If one man can be credited with creating the language of rock 'n' roll it is Chuck Berry. In the early 1950's he was just an ambitious Nat "King" Cole imitator gigging in St Louis, but ten years after moving to Chicago and cutting is first hit, "Maybelline", in 1955, he built a catalogue of classics that inspired the Beatles, the Rolling Stones, and every rock musician since.
Meanwhile his Chicago rival Bo Diddley, the earthiest and arguably the most exciting of the rock 'n' roll performers, was reminding us that this music was just a step away from the blues. Although he was raised in Chicago, his music was a bizarre, electric version of the blues of his birthplace, Mississippi.
Between them Chuck and Bo caused a revolution in Chicago blues, hitherto largely unknown to white America and the mass market. Both were signed to Chess Records, established by Eastern European immigrants, the Chess brothers, who provided the shop window for Chicago bluesmen, while also conforming to a now all-too-familiar pattern, as white entrepreneurs exploiting black talent.
Chess Records both examines the subject of exploitation within the record business and celebrated the music of two unique and important artists and the extraordinarily fertile blues environment out of which they grew.
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John Collis is a freelance writer whose recent books include Van Morrison: Inarticulate Speech of the Heart, and The Blues: Its Roots and Inspirations. He lives in London, England.From Publishers Weekly:
"Leonard didn't know nothing about no blues." Such is the verdict of blues legend and Chess recording artist Muddy Waters on mogul Leonard Chess; presumably, then, brother and cofounder Phil knew less than nothing, since Leonard was the driving force behind the label. Whatever the truth about the feel these white immigrant entrepreneurs had for the African American music they marketed, their label has become practically synonymous with Chicago blues and certainly played a pivotal role in the development of American music. The key players here are 1950s breakthrough blues stalwarts Muddy Waters, Howlin' Wolf, Willie Dixon, and Bo Diddley and Chuck Berry, who led the turn to rock 'n' roll. Although Chess continued to record great artists like Buddy Guy and Etta James in the '60s, its moment had passed by 1969?the year of Leonard's death and its sale to GRT?and by '75 nothing was left but a back catalogue to be tussled over. Not only did the once-great label die an ignominious death, but here its business practices come across as shady at best, with many artists complaining that they were never paid fairly. Collis has produced a responsible, amply illustrated account, reproducing concert posters, album covers, publicity shots and a wealth of performance photos, all wittily captioned. Still, the lack of a comprehensive discography is unfortunate. Despite the compelling personalities who weave in and out of the text, the writing is uninspired, and the story of the rise and slow fade of an influential record label is not especially gripping. Perhaps not every great institution leaves a great story to be told.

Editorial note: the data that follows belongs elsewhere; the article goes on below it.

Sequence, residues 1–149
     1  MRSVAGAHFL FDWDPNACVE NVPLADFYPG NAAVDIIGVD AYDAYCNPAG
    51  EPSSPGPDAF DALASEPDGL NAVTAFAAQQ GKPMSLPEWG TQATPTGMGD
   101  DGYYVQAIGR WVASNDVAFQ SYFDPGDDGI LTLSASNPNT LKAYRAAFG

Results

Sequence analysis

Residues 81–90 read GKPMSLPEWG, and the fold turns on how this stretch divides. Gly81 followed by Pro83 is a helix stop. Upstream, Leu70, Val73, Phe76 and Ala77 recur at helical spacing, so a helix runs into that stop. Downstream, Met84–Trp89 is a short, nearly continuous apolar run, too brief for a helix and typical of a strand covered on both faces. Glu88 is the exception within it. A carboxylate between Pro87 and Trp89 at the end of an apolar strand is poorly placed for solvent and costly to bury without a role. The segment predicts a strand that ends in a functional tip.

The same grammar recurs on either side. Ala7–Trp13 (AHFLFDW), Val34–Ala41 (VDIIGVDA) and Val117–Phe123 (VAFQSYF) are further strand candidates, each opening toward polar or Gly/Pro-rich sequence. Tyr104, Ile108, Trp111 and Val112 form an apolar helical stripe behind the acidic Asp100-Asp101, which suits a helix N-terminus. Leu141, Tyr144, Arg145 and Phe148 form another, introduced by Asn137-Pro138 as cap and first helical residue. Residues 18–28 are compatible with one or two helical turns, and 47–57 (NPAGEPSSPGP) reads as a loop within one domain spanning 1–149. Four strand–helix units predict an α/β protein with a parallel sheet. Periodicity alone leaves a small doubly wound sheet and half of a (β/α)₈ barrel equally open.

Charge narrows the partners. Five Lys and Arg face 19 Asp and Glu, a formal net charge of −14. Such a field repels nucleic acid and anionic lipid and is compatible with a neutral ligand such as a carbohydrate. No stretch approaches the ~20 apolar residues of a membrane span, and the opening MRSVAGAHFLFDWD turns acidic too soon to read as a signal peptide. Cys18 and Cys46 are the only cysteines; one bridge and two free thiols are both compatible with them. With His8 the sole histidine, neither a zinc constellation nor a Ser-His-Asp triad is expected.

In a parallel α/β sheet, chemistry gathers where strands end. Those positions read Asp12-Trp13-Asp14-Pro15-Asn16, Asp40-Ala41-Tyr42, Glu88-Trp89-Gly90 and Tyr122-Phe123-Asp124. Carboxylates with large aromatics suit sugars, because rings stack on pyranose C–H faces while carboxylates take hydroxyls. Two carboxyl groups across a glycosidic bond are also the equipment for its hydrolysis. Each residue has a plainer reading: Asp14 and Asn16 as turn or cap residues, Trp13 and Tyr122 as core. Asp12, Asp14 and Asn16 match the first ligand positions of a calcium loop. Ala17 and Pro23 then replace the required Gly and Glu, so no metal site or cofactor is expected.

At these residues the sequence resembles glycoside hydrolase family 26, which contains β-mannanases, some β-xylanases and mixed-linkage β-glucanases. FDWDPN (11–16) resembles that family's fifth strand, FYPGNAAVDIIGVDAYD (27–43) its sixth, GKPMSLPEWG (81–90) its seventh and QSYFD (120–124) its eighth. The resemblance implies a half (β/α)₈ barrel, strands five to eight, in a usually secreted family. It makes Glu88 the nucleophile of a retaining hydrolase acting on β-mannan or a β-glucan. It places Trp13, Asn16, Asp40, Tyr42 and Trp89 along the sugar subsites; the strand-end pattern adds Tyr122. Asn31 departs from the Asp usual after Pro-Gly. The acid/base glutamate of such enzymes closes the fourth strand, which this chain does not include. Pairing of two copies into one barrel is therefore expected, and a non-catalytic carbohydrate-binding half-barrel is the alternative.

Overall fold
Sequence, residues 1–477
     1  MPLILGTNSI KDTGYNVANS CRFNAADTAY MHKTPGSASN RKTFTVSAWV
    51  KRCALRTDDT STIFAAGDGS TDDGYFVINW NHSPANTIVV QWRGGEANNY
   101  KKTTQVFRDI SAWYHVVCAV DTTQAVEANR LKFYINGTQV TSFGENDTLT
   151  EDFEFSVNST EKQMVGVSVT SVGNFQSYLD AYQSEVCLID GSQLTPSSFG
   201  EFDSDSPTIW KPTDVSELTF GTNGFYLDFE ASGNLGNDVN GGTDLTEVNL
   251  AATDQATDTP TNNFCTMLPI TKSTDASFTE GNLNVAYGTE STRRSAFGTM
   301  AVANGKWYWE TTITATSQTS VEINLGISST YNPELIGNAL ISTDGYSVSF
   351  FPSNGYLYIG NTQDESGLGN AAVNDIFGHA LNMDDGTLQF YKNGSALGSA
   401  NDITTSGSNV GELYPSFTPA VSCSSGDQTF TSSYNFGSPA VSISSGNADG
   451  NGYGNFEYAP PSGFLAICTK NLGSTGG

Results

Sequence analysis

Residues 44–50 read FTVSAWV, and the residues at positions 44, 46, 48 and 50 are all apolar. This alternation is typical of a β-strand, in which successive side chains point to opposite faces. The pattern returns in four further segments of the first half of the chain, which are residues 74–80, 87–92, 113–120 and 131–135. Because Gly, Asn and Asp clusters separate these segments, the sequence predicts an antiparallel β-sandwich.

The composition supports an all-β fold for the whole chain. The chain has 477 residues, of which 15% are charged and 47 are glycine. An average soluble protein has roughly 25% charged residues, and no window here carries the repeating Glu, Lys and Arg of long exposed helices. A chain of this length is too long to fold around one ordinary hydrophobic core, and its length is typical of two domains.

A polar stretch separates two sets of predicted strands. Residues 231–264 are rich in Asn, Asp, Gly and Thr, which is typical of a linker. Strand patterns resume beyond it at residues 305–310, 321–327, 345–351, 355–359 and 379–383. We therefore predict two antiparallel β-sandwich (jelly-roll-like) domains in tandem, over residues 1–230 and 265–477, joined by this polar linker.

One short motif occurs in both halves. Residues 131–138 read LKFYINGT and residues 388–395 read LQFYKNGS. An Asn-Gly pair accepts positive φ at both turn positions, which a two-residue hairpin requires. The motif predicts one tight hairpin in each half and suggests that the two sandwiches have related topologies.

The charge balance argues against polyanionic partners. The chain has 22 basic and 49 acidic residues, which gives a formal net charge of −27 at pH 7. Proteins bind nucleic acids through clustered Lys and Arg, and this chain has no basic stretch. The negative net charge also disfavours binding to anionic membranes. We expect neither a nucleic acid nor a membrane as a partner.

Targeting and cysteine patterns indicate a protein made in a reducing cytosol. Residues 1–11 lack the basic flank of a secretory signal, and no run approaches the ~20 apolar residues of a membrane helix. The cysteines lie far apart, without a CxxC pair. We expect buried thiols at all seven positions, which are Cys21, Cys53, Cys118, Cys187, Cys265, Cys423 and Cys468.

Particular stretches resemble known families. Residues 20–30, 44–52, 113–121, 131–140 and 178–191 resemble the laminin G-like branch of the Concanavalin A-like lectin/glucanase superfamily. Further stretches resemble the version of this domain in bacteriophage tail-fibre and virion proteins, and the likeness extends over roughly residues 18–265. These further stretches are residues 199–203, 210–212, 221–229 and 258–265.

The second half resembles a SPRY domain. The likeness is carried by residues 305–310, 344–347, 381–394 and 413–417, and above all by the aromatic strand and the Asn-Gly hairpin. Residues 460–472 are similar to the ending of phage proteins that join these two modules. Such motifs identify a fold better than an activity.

Copyright 1998 Reed Business Information, Inc.
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Book Description Bloomsbury USA, 1998. Hardcover. Book Condition: New. Never used!. Bookseller Inventory # P111582340056
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